With a little engagement, this year’s holiday party can be rewarding for you and your employees.
But for executives especially, the investment in a company social event is like a raffle–you must be present to win.
If you chose to hold a company holiday party, the assumption is that you want to do something special with your employees–otherwise your funds would be better spent on providing a free turkey for Thanksgiving or simply buying every employee a gift.
Here are 10 reasons why you should make an appearance:
Employee engagement is the Holy Grail for top performance. If you want employees to feel like your company is more than just a place to pick up paycheck, you need to find every way to engage them–and at every opportunity. Company social functions provide an excellent forum to demonstrate that the company is more than just a machine.
Everything you do (or fail to do) is closely observed by your team. If you don’t think the party is important, down-the-line managers and their employees certainly won’t. An event without leaders is a missed opportunity.
Company social events can provide both formal and informal opportunities to recognize employees and their contribution. Whether it’s handing out a trophy in front of the entire organization or simply highlighting someone’s achievements during a casual conversation in front of his family, the opportunity to recognize employees is a valuable part of any company event.
Social events provide a unique opportunity to communicate informally about the company vision. Employees, and certainly family members, rarely have a full sense for what the future holds. Reinforcing the vision, in casual conversation or in formal comments, can help clarify the role employees have in achieving goals.
Spouses and family members provide trusted counsel to your employees. Getting the chance to interact with the company’s leaders can help family members understand the challenges and opportunities your employee faces, and support from home can be a key element in retaining talent.
“Being there” is a critical part of your job description and part of the inferred social convention once referred to as noblesse oblige. Would you hold a party at your house and not attend? Probably not. Social events may be optional for hourly employees and junior members of the team, but not so for senior leaders–it’s what you do.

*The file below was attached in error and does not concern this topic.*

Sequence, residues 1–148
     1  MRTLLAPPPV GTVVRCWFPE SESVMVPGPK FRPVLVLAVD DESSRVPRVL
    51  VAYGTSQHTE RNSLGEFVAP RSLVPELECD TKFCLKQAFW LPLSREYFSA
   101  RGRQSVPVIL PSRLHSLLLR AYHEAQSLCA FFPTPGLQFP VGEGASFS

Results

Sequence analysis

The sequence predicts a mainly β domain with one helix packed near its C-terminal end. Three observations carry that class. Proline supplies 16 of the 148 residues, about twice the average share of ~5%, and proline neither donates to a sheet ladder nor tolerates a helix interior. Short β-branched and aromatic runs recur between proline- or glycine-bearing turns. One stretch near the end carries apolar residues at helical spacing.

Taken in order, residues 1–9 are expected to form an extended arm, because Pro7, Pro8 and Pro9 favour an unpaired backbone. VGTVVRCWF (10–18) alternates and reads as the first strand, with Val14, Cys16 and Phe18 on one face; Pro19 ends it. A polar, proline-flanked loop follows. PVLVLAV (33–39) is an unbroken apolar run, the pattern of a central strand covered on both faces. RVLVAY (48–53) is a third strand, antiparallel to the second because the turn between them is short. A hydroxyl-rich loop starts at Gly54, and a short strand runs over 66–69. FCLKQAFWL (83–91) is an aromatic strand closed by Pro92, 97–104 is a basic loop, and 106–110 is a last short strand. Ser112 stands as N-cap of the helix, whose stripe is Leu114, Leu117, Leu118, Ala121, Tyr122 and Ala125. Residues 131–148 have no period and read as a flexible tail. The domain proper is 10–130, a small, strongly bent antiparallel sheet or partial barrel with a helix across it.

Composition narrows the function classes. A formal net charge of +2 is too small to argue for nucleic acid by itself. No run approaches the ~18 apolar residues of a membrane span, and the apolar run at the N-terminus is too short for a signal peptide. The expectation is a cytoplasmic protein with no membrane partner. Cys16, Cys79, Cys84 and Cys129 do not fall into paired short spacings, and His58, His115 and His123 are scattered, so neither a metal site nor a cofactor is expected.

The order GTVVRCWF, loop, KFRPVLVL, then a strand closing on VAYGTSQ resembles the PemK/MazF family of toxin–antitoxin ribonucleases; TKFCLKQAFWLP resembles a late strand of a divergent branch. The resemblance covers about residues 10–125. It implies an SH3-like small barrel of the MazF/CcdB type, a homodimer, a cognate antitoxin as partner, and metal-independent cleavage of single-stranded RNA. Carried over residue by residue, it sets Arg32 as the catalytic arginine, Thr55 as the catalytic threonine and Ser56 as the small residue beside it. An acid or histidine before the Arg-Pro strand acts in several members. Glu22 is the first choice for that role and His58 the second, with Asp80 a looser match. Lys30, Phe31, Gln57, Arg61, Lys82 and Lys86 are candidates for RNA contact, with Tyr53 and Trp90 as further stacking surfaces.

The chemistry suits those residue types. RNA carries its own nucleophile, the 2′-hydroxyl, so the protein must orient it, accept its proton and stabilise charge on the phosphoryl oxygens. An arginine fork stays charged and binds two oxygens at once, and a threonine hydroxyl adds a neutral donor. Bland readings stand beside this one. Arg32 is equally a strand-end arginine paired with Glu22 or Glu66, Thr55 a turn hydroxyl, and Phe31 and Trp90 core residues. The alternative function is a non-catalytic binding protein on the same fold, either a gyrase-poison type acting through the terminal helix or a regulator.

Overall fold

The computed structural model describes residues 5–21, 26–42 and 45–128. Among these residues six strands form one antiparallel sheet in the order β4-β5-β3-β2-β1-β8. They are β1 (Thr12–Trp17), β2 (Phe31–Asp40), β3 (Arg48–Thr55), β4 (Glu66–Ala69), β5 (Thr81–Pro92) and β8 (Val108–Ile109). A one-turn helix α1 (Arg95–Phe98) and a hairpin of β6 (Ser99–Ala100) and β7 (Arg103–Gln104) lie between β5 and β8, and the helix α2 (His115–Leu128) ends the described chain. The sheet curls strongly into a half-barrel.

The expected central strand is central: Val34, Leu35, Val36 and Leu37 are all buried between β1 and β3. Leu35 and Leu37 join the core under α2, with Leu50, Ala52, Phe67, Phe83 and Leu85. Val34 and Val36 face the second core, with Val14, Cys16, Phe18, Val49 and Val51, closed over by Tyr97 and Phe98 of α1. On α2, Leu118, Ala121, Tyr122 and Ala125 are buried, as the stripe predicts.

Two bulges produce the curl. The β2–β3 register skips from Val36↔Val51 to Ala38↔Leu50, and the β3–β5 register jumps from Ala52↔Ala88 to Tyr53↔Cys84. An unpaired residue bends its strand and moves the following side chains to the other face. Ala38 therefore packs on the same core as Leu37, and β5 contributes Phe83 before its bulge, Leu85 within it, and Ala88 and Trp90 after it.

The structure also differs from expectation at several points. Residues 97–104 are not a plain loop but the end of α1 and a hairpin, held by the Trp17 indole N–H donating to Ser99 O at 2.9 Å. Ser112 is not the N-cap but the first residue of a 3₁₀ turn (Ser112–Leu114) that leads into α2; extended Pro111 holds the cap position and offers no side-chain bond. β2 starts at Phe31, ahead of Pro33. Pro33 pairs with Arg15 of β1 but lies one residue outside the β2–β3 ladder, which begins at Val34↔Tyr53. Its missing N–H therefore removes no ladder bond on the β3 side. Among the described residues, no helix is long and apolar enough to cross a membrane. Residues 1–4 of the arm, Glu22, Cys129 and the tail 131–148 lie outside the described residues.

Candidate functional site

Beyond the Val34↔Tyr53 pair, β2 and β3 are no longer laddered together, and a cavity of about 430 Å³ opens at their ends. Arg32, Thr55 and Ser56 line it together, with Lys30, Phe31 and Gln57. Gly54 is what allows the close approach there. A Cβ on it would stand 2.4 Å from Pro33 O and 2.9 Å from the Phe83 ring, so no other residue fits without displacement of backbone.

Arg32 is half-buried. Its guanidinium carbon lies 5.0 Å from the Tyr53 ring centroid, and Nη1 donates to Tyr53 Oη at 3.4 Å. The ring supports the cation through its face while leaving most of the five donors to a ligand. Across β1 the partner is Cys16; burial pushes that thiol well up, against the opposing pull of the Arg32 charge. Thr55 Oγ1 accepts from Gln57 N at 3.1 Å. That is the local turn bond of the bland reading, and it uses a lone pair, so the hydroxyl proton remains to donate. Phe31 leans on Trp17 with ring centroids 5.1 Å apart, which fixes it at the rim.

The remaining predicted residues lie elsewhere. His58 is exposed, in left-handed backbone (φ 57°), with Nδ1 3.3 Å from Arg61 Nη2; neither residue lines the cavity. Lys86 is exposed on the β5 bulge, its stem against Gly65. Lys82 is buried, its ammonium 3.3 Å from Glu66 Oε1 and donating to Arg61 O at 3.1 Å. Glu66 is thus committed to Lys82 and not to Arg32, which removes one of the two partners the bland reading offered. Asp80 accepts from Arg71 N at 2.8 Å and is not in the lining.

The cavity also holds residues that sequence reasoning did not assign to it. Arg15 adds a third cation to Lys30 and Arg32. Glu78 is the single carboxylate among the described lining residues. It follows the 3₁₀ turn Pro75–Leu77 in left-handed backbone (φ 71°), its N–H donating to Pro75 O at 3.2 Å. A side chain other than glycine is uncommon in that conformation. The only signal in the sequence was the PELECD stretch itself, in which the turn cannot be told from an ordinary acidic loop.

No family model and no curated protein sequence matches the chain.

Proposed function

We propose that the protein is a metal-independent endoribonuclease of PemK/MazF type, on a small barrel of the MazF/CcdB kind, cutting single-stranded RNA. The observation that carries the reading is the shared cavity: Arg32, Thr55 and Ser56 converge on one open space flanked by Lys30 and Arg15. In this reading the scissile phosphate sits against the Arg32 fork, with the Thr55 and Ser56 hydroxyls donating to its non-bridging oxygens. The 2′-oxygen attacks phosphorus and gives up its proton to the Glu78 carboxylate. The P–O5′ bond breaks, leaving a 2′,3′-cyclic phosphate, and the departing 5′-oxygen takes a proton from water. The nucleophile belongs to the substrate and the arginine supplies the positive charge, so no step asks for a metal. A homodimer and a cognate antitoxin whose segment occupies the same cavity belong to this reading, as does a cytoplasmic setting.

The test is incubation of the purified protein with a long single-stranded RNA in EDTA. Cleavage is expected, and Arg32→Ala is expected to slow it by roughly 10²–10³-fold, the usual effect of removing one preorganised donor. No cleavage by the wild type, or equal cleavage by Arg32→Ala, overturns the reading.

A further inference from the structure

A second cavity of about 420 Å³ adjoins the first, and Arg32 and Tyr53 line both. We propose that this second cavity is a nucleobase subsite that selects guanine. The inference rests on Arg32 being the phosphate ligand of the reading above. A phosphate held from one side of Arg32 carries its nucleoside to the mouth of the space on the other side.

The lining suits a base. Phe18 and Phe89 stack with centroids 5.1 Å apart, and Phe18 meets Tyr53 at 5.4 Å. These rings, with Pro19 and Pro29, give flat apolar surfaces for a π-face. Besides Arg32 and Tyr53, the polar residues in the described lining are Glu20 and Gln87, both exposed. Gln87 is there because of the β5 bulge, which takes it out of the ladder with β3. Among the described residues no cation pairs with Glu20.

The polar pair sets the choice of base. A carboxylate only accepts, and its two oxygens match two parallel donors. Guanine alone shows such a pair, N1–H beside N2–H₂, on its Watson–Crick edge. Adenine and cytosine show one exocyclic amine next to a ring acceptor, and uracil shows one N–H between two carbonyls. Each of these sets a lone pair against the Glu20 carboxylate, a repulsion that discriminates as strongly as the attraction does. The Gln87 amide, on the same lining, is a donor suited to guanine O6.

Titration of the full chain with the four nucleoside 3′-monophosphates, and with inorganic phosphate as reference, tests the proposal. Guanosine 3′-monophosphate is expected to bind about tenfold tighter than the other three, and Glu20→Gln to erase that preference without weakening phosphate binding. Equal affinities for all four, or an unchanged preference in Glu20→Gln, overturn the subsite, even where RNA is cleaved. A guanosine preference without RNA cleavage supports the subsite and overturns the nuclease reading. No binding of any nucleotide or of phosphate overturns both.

The holiday party is an opportunity for employees to interact in a way that doesn’t always present itself at the workplace. A well-planned event can engineer activities that break down silos and build camaraderie. Senior managers play a key role in facilitating and leading these opportunities.
You never know what you’ll learn just by listening to employees interact with each other or with you. You may discover strengths and weaknesses about your organization that will be of great value.
Company events cost money and time. Just like any other purchase or investment, you will get the most value for your money if you are an active participant.
You never know what unforeseen opportunities may unfold. An employee or a guest might prove to have a valuable connection with a customer, have a lead for that key position you’ve been trying to fill, or an idea that improves your business.
—Michael D. Visconage has held key leadership positions in a wide variety of organizations, including service as U.S. Marine Corps officer, as a health care facility owner, and in franchising. He currently directs strategic programs for The Brandt Companies, the largest mechanical construction contractor in Texas.